The Way the World Works

Nicholson Baker

The Way the World Works

The Way the World Works, Nicholson Baker's ranges over the map of life to examine what ails us, what eases our pain, and what gives us joy. Baker-recently hailed as "one of the most consistently enticing writers of our time" by The New York Times-moves from political controversy to the intimacy of his own life, from forgotten heroes of pacifism to airplane wings, telephones, paper mills, David Remnick, Joseph Pulitzer, the OED, and the manufacture of the Venetian gondola. In one essay, Baker surveys our fascination with video games while attempting to beat his teenage son at Modern Warfare 2; in a celebrated essay on Wikipedia, he describes his efforts to stem the tide of encyclopedic deletionism. 3.3 out of 5 based on 5 reviews
The Way the World Works

Omniscore:

Classification Non-fiction
Genre Essays, Journals & Letters
Format Hardcover
Pages 336
RRP
Date of Publication August 2012
ISBN 978-1471102660
Publisher Simon & Schuster
 

The Way the World Works, Nicholson Baker's ranges over the map of life to examine what ails us, what eases our pain, and what gives us joy. Baker-recently hailed as "one of the most consistently enticing writers of our time" by The New York Times-moves from political controversy to the intimacy of his own life, from forgotten heroes of pacifism to airplane wings, telephones, paper mills, David Remnick, Joseph Pulitzer, the OED, and the manufacture of the Venetian gondola. In one essay, Baker surveys our fascination with video games while attempting to beat his teenage son at Modern Warfare 2; in a celebrated essay on Wikipedia, he describes his efforts to stem the tide of encyclopedic deletionism.

Reviews

The Financial Times

George Pendle

Baker’s gentle hyper-competence is both similar, and yet the opposite, to that of another encyclopedic essayist, the late David Foster Wallace. While Wallace formulated his essays into sweating self-conscious missives filed from a forever-alien terrain, Baker produces reveries and daydreams that are totally under the control of their author.

10/08/2012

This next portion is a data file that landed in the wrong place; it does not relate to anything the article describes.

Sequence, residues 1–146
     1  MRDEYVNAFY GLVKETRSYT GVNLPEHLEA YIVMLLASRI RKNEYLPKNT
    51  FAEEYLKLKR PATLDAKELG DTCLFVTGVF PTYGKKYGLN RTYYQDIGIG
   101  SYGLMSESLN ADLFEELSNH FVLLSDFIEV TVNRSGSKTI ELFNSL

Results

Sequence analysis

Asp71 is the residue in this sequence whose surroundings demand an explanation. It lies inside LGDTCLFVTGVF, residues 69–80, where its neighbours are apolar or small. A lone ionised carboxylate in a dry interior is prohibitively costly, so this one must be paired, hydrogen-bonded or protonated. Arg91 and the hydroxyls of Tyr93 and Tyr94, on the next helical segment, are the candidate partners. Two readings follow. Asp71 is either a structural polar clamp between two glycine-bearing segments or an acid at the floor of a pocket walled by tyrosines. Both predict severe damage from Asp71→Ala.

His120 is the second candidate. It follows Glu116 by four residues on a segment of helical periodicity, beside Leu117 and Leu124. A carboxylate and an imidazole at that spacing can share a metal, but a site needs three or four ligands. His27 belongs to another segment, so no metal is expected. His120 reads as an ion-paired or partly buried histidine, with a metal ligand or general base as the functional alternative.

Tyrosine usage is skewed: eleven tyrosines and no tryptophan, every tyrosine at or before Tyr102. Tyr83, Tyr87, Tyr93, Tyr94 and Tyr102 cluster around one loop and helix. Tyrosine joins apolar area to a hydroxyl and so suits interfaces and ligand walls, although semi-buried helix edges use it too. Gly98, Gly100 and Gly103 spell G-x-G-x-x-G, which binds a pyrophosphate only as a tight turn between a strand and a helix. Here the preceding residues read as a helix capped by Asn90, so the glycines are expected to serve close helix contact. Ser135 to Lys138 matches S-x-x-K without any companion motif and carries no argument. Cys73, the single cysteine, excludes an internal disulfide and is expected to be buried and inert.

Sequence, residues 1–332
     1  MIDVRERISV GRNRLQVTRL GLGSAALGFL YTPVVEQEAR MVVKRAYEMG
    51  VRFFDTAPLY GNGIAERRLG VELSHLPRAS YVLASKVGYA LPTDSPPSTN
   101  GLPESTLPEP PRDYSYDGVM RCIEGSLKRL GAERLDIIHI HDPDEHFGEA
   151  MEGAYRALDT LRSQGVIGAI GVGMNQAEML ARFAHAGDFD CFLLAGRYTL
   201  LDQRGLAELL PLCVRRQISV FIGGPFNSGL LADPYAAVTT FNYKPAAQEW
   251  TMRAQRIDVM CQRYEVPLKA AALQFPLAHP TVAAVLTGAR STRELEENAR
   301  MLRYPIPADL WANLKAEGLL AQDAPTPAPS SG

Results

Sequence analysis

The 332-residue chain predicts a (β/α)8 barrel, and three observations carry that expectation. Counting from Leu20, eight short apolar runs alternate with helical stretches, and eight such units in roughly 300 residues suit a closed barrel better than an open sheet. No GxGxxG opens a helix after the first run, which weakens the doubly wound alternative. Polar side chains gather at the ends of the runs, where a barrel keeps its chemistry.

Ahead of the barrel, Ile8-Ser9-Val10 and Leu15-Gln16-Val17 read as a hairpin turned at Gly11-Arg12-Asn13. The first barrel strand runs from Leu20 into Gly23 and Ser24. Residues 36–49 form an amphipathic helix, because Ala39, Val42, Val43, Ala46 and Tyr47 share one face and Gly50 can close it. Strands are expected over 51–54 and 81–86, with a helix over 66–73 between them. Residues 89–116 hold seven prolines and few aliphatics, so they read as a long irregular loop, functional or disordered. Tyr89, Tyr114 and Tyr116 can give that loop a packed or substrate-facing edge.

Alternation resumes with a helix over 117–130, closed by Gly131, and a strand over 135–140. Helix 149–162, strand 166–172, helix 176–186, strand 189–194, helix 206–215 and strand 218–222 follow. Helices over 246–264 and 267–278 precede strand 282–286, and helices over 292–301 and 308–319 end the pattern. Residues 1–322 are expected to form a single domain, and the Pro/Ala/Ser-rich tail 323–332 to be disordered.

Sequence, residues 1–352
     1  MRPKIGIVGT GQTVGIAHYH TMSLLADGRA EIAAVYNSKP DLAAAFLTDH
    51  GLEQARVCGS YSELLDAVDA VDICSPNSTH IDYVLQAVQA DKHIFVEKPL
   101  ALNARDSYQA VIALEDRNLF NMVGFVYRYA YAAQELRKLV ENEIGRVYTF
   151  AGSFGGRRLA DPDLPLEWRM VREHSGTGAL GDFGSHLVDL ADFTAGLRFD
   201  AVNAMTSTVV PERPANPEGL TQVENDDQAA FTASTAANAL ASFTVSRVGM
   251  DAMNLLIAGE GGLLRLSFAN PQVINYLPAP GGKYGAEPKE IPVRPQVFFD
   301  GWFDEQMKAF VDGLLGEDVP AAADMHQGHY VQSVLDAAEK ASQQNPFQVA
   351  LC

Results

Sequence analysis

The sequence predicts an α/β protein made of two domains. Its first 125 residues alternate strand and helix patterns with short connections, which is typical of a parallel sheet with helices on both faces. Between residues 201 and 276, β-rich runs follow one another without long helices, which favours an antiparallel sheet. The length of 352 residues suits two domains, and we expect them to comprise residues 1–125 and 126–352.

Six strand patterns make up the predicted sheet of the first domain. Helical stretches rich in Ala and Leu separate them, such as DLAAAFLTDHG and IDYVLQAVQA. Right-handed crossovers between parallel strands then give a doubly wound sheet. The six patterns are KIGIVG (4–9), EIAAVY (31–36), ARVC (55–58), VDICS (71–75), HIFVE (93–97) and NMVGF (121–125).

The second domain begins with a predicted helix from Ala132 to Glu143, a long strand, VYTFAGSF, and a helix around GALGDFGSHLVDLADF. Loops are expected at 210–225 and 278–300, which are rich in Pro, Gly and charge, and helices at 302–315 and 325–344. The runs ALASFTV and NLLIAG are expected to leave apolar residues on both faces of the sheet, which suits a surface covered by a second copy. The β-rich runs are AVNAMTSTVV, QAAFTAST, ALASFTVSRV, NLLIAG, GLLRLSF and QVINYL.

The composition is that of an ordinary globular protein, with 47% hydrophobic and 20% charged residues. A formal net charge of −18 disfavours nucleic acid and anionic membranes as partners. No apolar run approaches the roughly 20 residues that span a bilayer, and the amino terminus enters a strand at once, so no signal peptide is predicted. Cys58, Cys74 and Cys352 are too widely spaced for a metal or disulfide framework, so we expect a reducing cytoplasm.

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The Independent

Laurence Phelan

In this collection, as much as in his novels, Baker proves himself one of the great miniaturists working today. His talent is for the telling detail; for the accretion of minutiae into, if not the whole story, then at least the most important part of one.

16/09/2012

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The Observer

Sam Leith

Even to a Baker fan – and I count myself firmly in that number – this isn't essential Baker, though there are glories. A handful of the articles are still available online, a couple for free (Painkiller Deathstreak, on video games, and The Charms of Wikipedia, one of the standouts), which seems to me a bit of a swizz. Many of the pieces rehearse familiar themes … But the nature of Baker's worldview – microscopically and encyclopaedically attentive; morally puritanical; heroically unselfconscious and ingenuous – is one that makes the distinction between essential and inessential moot.

09/09/2012

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The New York Times

Michiko Kakutani

The individual essays not only carom around the world in subject matter, they also vary greatly in quality. Some showcase his eye for detail and his ability to nail down those details in velvety, Updikean prose. Some read like parodies of self-absorption that highlight Mr. Baker’s apparent need — shared with his idol, John Updike — to capture even the most trivial of his jottings between the covers of a book.

12/08/2012

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The Guardian

Leo Robson

Some of the essays aim for charm or warmth, others for penetration, none for both. The jacket copy says that Baker "surveys our fascination with video games", but that's exactly what he doesn't do in "Painkiller Deathstreak", essentially a review of a handful of video games he failed to master. The essay, which rambles on for 7,000 words, is in some ways the most typical, turning something that Baker doesn't like – violence, warfare – into something he does – play, imagination, "explorable specificity" – without acknowledging any connection between the two. He allows himself to be analytical only about things that disagree with him. Otherwise, he is mostly content to skim the surface – and to offer the reader whipped cream.

02/11/2012

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